The Court of Appeal was asked to determine whether a family court may exercise its discretion to determine whether a mother may enforce a child support order for the period of time when the child was living in the home of the father’s parents. The appellate court noted:  “If the facts as presented by Father are true—that is, if Mother is seeking child support arrears for times that she neither cared for Minor nor provided for her financially—enforcement of the arrears might well be nothing more than a windfall to Mother, bearing no relation to any support or care Minor actually received during her childhood.” Thus, the appellate court remanded the matter to the trial court to determine if “it would be inequitable to allow Mother to enforce some or all of the child support order to the extent it applies to periods that Minor lived with Grandparents.” (In re Marriage of Deborah A. and Wilson (Cal. App. 1st Dist., Div. 4, Oct. 27, 2016) 2016 WL 6302100.)

Patient’s Knee Damaged by Medical Device.

In 2003, a high school athlete consulted defendant doctor regarding knee surgery after she injured her knee running hurdles. The doctor recommended arthroscopic surgery as well as the use of a Class II medical device after surgery, which device is available only by prescription.  The device is intended to deliver cold therapy to the site of surgery. The doctor did not inform the patient or her parents that he had a financial interest in the medical device. After surgery, the doctor prescribed using the device as much as possible. At some point, redness and blisters appeared, but the doctor did not return the patient’s mother’s telephone call about that condition. The next morning, a large black area appeared on the patient’s knee. This time the doctor did return the call and had the mother bring the patient to his office. The patient was referred to a specialist in wound plastic surgery, and a surgery was performed. Nine more surgeries followed. By the time of trial in 2012, two more surgeries were recommended. At trial, plaintiff presented expert evidence the medical device inflicted a nonfreezing cold injury to the knee, causing a decrease in blood flow, which deprived surrounding tissues of oxygen and nutrients. The jury awarded plaintiff $68,270.38 in economic damages and $5,127,950 in noneconomic damages, allocating 50 percent of fault to the defendant doctor, 10 percent to the company that rented out the medical device, and 40 percent to the manufacturer of the device. In the punitive damages portion of the trial, the jury awarded plaintiff $500,000 against the defendant doctor and $7 million against the manufacturer. Plaintiff was killed while the appeal was pending. In a 107-page opinion, the Court of Appeal affirmed in part and reversed in part, reducing the noneconomic damages to $1,300,000 and the punitive damages against the defendant doctor to $150,000, conditioned on plaintiff’s estate administrator’s acceptance of the reduced amounts.   (Bigler-Engler, as Administrator, etc. v. Breg, Inc. (Cal. App., 4th Dist., Div. 1, Oct. 28, 2016) 2016 WL 6311108.)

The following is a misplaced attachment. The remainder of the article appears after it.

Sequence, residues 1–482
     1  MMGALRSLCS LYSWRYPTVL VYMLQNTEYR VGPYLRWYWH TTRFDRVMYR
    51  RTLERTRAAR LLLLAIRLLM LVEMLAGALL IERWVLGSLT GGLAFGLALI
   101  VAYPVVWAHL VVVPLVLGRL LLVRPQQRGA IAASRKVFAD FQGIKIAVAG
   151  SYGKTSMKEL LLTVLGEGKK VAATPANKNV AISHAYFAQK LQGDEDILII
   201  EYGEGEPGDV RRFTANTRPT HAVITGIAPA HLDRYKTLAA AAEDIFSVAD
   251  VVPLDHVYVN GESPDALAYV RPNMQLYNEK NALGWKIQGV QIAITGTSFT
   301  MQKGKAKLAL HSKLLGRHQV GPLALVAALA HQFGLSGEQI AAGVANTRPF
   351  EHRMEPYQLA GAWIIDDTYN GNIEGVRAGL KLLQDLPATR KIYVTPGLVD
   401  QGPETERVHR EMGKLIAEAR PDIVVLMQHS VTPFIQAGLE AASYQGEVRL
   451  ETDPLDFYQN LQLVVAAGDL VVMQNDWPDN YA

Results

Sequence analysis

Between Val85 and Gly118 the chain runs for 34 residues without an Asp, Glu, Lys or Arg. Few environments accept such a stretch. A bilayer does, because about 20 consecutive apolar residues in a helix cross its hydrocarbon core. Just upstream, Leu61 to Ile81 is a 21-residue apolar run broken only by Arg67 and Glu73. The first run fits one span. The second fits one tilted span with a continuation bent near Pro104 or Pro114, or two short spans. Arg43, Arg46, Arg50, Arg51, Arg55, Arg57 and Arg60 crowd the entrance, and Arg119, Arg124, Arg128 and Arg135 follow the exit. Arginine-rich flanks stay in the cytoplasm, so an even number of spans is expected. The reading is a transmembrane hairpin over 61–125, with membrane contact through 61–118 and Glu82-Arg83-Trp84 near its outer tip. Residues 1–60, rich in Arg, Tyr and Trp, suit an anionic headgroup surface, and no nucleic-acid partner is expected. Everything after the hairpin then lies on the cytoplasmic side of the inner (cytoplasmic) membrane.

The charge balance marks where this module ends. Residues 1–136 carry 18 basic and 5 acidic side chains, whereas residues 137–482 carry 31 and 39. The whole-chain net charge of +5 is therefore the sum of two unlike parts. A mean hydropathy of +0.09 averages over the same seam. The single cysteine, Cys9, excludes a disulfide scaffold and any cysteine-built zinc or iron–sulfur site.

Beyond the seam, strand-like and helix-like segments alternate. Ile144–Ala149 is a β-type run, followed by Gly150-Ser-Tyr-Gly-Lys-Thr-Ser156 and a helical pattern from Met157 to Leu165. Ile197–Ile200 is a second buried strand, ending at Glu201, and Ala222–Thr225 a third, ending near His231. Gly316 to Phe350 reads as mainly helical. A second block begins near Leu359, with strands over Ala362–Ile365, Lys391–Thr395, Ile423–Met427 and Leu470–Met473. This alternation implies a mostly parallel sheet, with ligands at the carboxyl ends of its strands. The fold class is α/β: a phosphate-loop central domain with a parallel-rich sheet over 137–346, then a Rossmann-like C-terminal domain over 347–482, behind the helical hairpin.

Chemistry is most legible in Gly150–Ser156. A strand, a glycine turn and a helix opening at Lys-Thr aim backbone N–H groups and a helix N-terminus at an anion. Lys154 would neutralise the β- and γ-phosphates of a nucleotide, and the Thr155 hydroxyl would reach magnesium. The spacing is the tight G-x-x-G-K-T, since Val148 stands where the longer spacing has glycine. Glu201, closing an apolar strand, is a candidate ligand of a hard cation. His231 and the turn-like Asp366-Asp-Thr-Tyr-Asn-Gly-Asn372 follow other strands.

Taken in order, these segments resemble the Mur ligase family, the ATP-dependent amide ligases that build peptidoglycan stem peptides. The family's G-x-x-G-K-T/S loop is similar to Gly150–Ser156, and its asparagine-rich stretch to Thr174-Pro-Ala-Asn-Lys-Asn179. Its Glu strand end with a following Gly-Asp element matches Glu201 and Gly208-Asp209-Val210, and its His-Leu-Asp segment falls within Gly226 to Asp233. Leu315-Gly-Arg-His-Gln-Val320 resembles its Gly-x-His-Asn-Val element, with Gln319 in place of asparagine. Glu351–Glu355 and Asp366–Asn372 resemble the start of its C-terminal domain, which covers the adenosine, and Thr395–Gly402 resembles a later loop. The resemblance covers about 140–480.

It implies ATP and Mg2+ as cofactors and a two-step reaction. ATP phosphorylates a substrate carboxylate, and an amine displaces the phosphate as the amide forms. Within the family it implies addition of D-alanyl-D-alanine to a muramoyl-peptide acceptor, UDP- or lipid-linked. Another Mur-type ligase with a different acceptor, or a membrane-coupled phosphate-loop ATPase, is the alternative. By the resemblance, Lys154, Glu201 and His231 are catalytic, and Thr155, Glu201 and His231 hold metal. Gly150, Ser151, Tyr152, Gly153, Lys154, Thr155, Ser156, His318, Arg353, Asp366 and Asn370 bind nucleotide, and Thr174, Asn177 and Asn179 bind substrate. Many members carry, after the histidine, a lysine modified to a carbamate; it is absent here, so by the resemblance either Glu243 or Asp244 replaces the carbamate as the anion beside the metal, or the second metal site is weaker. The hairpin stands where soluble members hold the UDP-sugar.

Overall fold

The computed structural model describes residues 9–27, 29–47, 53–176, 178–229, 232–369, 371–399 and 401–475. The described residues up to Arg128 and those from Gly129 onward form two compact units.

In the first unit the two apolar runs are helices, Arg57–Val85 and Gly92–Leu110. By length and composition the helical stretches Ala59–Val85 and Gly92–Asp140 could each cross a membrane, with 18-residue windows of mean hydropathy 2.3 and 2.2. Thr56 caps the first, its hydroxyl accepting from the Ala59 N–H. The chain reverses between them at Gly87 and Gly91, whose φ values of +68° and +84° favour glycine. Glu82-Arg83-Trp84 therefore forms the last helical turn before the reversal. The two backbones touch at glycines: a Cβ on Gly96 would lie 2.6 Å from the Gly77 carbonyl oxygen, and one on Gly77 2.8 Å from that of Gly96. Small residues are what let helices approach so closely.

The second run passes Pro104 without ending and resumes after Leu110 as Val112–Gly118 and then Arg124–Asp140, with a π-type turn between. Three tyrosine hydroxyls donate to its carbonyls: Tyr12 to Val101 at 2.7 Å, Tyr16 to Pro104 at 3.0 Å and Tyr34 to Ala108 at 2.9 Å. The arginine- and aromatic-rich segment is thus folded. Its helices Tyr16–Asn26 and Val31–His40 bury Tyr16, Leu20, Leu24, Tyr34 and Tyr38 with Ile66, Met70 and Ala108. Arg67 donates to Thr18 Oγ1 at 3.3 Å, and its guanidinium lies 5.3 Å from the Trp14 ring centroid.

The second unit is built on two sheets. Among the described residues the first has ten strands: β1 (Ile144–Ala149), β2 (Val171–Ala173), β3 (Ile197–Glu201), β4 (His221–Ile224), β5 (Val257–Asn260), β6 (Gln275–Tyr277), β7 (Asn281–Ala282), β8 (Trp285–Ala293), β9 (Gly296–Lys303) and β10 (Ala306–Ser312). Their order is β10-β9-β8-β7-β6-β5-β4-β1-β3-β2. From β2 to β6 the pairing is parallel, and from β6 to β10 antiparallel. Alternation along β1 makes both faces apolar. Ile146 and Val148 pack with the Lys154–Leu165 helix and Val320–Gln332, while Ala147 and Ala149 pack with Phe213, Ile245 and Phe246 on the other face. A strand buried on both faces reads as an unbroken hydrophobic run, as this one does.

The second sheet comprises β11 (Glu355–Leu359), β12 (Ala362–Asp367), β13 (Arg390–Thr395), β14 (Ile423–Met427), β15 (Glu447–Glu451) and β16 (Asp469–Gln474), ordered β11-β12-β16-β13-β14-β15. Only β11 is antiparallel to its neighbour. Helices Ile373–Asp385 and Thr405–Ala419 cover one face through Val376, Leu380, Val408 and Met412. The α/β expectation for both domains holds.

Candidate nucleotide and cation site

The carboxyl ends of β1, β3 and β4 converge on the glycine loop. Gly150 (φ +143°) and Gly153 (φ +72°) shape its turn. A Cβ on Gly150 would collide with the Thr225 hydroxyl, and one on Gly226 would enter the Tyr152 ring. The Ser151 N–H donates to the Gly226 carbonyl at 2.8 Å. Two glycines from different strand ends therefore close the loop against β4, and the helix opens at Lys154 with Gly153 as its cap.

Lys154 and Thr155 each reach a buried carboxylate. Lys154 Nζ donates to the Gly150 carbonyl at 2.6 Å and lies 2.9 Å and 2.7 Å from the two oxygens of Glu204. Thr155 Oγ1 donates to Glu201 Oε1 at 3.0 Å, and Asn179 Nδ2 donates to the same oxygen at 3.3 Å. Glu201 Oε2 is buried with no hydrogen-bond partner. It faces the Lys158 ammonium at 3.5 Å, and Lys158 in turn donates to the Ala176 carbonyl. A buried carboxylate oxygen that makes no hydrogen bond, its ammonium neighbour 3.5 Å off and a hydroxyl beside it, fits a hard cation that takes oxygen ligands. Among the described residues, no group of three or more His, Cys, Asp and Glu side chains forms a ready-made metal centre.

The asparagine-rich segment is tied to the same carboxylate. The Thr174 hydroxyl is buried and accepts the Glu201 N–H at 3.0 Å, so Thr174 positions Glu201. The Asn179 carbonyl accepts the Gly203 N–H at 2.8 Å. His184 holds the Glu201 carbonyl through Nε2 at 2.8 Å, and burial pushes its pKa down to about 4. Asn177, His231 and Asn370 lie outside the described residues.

Plaintiffs’ Counsel Disqualified.

The defendant in the present class action is Apple, Inc. The trial court disqualified plaintiffs’ counsel because counsel’s firm had a conflict of interest arising from its concurrent representation of the putative class in both the present case and another wage and hour class action pending against Apple. The trial court noted that in order to advance the clients’ interests in the present case, plaintiffs’ counsel would be required to cross-examine a client in the other case. In affirming the order of disqualification, the Court of Appeal agreed that a disqualifying conflict exists between the interests of the clients in the two cases. (Walker v. Apple, Inc. (Cal. App., 4th Dist., Div. 1, Sept. 28, 2016) 2016 WL 6395074.)